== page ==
By Erin Delmore
Alycia Halladay Ross saw the warning signs in her daughter Sarah — staring off into space, lining toys up in rows, isolating herself at playtime — even from twin sister Jennifer.
Sarah was diagnosed with autism — a developmental disorder that’s on the rise, affecting more American children than AIDS, diabetes and cancer combined.
Researchers want to know why. To do that, they need to study the human brain after death. And that’s in limited supply.
That’s why the Ross family has committed to donating Sarah’s.
“Of course you never want to think about or even think about anything happening to your child that could lead to them suffering or hurting or dying. And to think that it’s an eventuality in your lifetime is heartbreaking. It’s thinking about what someone’s death can mean to the lives of other people,” Alycia said.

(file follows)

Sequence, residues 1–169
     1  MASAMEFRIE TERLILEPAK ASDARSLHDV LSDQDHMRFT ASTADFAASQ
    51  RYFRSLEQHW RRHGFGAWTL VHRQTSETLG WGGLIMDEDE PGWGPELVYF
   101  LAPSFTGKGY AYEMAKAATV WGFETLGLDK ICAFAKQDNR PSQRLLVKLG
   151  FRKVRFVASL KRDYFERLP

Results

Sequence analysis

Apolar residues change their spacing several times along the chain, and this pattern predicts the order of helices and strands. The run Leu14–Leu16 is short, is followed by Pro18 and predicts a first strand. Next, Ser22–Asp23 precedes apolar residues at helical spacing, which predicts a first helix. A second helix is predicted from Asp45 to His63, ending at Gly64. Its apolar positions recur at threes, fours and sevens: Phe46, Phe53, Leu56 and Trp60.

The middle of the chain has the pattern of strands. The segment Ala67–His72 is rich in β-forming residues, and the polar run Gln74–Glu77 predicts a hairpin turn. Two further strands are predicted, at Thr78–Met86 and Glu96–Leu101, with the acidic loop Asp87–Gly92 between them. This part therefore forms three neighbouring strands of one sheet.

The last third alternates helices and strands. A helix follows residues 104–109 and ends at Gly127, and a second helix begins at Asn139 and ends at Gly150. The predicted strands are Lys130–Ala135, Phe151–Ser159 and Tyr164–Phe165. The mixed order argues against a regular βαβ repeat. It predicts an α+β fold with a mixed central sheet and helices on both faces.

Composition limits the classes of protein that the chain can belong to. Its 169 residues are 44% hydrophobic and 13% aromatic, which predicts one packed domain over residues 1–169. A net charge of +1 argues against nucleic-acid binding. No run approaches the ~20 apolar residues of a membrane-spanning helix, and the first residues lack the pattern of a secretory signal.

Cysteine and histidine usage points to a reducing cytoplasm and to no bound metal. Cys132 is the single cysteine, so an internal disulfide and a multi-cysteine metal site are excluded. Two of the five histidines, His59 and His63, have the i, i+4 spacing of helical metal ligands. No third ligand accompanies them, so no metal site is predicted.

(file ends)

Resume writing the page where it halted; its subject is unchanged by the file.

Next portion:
The Ross family is registered as brain tissue donors through Autism BrainNet. It’s a network of research institutions in the U.S. and Britain that collect, store and allocate donated brain tissue samples. Researchers say the need is critical.
Fewer than 200 brains have been studied for autism research over the past three decades. That number pales in comparison with tens of thousands studied for Alzheimer’s disease.
Dr. Patrick Hof heads one of the four U.S.-based “nodes” of Autism BrainNet. He began his career studying Alzheimer’s.
“It’s only at the end that they have had a horrible disease. Patients with autism never had that chance. And families never really had that chance, either,” he said.
Autism BrainNet aims to educate people about brain tissue donation. Even if your driver’s license says “organ donor,” you’re not included. It takes a separate registration — non-binding — and doesn’t affect burial plans. And non-autistic people can donate too, as part of a “control group” for medical comparison.
That’s why Sarah’s twin, Jennifer, is registered as well.